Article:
La vie d'Adèle (2013) is a French,English movie. Abdellatif Kechiche has directed this movie. Léa Seydoux,Adèle Exarchopoulos,Salim Kechiouche,Aurélien Recoing are the starring of this movie. It was released in 2013. La vie d'Adèle (2013) is considered one of the best Drama,Romance movie in India and around the world.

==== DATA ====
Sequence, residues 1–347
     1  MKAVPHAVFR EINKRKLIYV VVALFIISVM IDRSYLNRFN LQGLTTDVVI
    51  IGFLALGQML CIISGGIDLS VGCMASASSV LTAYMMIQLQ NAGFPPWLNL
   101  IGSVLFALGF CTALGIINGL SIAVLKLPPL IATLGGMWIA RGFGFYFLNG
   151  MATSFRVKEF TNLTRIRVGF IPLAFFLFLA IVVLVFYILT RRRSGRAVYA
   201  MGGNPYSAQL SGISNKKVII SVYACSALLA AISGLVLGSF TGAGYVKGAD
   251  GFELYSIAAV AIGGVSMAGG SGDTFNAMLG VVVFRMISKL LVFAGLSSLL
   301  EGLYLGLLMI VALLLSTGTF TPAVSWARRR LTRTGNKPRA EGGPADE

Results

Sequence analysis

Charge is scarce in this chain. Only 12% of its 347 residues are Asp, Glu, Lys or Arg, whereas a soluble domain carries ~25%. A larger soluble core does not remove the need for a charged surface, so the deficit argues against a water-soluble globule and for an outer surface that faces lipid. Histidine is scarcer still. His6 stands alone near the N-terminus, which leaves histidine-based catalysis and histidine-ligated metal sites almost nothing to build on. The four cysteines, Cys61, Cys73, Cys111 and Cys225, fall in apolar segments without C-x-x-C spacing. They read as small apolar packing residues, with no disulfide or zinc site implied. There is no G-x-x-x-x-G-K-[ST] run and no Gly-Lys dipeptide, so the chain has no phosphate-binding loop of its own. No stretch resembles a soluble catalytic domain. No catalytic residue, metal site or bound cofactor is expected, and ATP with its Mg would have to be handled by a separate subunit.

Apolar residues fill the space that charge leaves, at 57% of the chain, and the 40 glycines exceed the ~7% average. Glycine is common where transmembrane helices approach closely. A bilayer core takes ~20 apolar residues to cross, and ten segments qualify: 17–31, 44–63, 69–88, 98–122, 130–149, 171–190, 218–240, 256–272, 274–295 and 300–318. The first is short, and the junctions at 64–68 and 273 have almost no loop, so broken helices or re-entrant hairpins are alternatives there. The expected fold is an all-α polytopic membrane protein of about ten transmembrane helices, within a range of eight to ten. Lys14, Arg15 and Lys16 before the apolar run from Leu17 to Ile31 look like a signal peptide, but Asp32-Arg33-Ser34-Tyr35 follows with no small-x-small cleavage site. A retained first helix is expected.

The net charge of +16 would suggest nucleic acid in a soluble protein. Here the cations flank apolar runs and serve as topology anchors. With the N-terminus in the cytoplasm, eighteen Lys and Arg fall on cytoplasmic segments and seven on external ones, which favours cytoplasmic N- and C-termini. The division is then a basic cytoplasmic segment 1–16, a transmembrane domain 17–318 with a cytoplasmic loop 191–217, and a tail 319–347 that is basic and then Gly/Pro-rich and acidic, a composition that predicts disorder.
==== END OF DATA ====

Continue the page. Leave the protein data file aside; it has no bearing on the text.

Adèle is a high school student who is beginning to explore herself as a woman. She dates men but finds no satisfaction with them sexually, and is rejected by a female friend who she does desire. She dreams of something more. She meets Emma who is a free spirited girl whom Adèle's friends reject due to her sexuality, and by association most begin to reject Adèle. Her relationship with Emma grows into more than just friends as she is the only person with whom she can express herself openly. Together, Adèle and Emma explore social acceptance, sexuality, and the emotional spectrum of their maturing relationship.